Viewing a single comment thread. View all comments

MrJackDog OP t1_iu2g2ix wrote

Cygnus Setting - Albemarle County, Virginia - October 24, 2022

Cygnus the Swan setting in the West, marking the transition to the Winter constellations taking over from the summer. For this image, I used a hydrogen alpha filter to highlight the enormous area of star birth in this part of the Milky Way. You can see many prominent nebulae in this widefield image, including the Veil Nebula Complex and the North American Nebula.

EXIF - Sky: 45 x 45s RGB, ISO200, f/2.8; 45x60s 6nm Ha filter, ISO800, f/1.4; (replaced Red channel w/ Ha during processing)Land: 1x120s, ISO400, f/1.4

Gear - Sony A7III (Ha Mod by Kolari Vision); Sony 35mmGM; Astronomik 6nm clip-in Ha filter


For more astrophotography, check out my Insta: brennangilmorephoto


cgibsong002 t1_iu337cb wrote

Fantastic image and really cool/unique perspective.


mrtnjv t1_iu2xmsv wrote

I'm not a photographer so i don't understand the specs you listed. how long is the exposure to capture a photo like this? how long before you start to see stars as streaks?


armitage2112 t1_iu33v6j wrote

Ill answer for them. They are using a startracker, meaning the camera rotates at the same rotation of the earth meaning they won't ever get star streaks.

Without a startracker, the wider your lens, the longer you can take a photo for. You can divide 500 by your focal length (lets say 20) and you'll get how long you can shoot in seconds for that focal length, so 500/20 = 25seconds is the longest before you get streaks using a 20mm lens. In practice this is a bit too much in my experience but, it's close enough for napkin math.


RWDPhotos t1_iu3yjv2 wrote

And that’s more to the center of frame too. The edges trail up before the center does.


Madrugada_Eterna t1_iu33lnh wrote

The sky was taken using a tracking mount so the stars won't trail. A separate photo of the landscape was taken and the sky was replaced with the tracked image.

Multiple photos of the sky were taken and stacked together to reduce noise and bring out the the faint details.


wolftamer9 t1_iu51xvc wrote

Man, I've been driving to the mountains on clear nights every once in a while and taken star photos with my dad's camera (and sometimes just my phone), I can't imagine taking to this hobby enough to pay for a proper tripod and camera tracking mount. Let alone, say, an actual telescope with a camera mount or something? That would be cool to have but it doesn't seem worthwhile to buy.


RWDPhotos t1_iu3ytzy wrote

Thing is with these foreground composites is that it creates a false impression, as if to say that’s what that area should look like under perfect circumstances, but the relative fov of the sky shot may not necessarily mix with the foreground, and it all just seems rather arbitrary to include a foreground at that point. Would just rather see the sky comp than an arbitrary foreground add.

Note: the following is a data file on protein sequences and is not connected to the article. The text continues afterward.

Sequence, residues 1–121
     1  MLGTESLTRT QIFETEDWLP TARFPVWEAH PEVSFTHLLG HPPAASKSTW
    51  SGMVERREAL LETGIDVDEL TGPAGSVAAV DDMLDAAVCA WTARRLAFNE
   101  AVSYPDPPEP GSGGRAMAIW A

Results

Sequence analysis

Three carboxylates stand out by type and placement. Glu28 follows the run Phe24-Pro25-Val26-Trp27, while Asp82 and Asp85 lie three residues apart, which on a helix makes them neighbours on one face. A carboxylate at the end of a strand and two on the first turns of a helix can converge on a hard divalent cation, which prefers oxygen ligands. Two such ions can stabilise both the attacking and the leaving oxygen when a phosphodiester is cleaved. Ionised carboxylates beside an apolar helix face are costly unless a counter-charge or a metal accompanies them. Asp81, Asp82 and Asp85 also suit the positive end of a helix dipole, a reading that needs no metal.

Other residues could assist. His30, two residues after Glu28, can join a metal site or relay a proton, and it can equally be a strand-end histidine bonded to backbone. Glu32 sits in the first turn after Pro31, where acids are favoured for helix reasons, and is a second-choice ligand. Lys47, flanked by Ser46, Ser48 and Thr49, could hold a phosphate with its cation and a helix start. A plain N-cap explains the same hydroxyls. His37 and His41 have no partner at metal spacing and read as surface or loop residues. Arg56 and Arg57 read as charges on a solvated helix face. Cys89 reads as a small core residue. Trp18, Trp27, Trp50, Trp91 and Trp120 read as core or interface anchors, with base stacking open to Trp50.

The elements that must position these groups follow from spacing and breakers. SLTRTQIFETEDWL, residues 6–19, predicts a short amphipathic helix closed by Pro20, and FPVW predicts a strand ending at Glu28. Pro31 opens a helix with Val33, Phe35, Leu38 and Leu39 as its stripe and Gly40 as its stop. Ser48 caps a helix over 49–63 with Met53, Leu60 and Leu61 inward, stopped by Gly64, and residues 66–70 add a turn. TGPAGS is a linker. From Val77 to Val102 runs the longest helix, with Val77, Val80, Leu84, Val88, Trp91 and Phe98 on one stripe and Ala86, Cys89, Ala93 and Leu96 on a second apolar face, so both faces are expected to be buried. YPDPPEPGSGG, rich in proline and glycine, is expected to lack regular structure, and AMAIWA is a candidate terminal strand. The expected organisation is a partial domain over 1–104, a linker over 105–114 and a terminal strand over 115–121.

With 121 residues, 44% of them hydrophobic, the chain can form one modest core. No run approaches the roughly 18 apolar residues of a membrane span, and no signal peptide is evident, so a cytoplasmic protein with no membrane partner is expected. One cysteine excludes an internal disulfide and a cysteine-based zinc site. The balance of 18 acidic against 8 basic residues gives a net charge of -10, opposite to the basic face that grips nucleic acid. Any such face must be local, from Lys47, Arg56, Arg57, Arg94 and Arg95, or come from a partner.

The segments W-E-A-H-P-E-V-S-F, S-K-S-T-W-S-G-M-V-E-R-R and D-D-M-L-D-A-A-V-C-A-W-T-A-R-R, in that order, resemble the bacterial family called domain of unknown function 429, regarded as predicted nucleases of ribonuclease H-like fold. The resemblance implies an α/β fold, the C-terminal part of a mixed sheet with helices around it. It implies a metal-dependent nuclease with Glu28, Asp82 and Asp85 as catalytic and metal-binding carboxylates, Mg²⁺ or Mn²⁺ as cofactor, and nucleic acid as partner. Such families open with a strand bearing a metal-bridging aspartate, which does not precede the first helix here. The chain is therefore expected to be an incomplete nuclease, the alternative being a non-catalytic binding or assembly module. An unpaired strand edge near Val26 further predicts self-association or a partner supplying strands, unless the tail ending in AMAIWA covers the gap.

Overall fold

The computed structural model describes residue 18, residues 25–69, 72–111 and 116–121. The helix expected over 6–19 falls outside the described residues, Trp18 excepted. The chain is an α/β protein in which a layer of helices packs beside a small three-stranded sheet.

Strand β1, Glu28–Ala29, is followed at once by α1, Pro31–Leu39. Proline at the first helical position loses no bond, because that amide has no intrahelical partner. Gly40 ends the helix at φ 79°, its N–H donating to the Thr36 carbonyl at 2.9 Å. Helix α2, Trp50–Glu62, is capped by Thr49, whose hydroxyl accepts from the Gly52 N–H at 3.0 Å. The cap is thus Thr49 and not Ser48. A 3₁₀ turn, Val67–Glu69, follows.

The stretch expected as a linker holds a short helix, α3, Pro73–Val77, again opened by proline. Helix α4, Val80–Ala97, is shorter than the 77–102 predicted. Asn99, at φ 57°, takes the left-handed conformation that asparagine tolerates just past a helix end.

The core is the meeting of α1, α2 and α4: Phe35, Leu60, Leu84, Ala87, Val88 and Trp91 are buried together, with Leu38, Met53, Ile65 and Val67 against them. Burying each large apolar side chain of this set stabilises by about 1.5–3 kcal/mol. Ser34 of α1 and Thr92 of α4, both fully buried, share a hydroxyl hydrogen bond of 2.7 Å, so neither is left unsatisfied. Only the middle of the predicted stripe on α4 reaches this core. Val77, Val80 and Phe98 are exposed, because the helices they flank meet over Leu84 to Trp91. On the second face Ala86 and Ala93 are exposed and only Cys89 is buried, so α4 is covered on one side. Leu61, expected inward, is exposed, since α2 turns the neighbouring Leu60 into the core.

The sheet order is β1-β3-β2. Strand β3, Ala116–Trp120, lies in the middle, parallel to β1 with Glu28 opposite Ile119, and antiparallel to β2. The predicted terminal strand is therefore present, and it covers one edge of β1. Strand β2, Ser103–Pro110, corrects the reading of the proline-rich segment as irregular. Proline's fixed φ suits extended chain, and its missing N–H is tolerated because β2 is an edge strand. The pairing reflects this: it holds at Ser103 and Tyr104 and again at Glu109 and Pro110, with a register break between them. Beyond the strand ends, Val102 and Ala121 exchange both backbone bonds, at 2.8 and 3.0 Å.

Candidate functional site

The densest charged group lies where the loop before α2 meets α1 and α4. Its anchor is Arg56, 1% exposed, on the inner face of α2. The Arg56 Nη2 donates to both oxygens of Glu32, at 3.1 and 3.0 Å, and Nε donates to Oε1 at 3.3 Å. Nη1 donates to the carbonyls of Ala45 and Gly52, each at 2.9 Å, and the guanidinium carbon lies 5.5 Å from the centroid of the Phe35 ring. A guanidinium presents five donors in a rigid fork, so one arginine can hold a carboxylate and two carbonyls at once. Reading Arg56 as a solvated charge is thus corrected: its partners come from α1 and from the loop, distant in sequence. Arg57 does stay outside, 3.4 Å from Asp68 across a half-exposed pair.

MrJackDog OP t1_iu4b0ne wrote

Fair point, and to each their own. Sometimes I’ll just keep the sky alone, but I go to lengths to represent the land and sky as astronomically correct — always same focal length, optics, tripod position — ensuring the final sky integration matches single shot in terms of astronomical position. So, it’s not arbitrary in the sense that this was the landscape under Cygnus as it set on the night I was imaging. It’s not a single shot itself and that is its strength and weakness depending on what you like.


monkeybomb t1_iu4c290 wrote

I'm trying to understand the process a bit. In the pre-composite sky image, do you have a blurry forest? Edit: I should say, pre-composite after stacking the sky images. I'd be interested in seeing a progress video.


MrJackDog OP t1_iu4gome wrote

I didn’t do a video for this shot, but a did a short video of the components of a similar composition. I don’t know if Instagram links work on this sub, but you can see it here:


monkeybomb t1_iu4i6z2 wrote

Awesome, thanks. Looks like fun work.


MrJackDog OP t1_iu4qvdo wrote

thanks, yeah it’s a cool hobby. my other hobby is fishing and I like the aspect of pulling something out of seemingly nothing of both.


RWDPhotos t1_iu4r8td wrote

Well, I mean, kinda like in that instagram link you posted in a different comment, it doesn’t really line up (the sky comp was cropped in a decent amount, so the effective focal lengths were changed). And it can’t really- because of the tracking, so something has to give to fit it in. I think there could be a way to do it where it blends more mildly, but that’s def not your aesthetic.


MrJackDog OP t1_iu4roq5 wrote

The building was cropped at a similar ratio though. But yes, there’s no accounting for taste.


RWDPhotos t1_iu4s6ug wrote

Ok, preference aside, my point being that the sky view isn’t proportional to the foreground. Obviously so, like by 200%. And you’re trying to deny that improportionality. I mean it’s totally fine if you say it’s just part of your aesthetic, but to say that it’s an absolute recreation in terms of proportion is just plain false, which is what I’m arguing on here


MrJackDog OP t1_iu4un9v wrote

well, that’s just incorrect. Both were shot with a 35mm and the two images had the same dimensions. They are in exact proportion.


aawferris t1_iu6u9r1 wrote

Yes!!!! That’s my neck of the woods! Love to see the beauty on display…nice capture!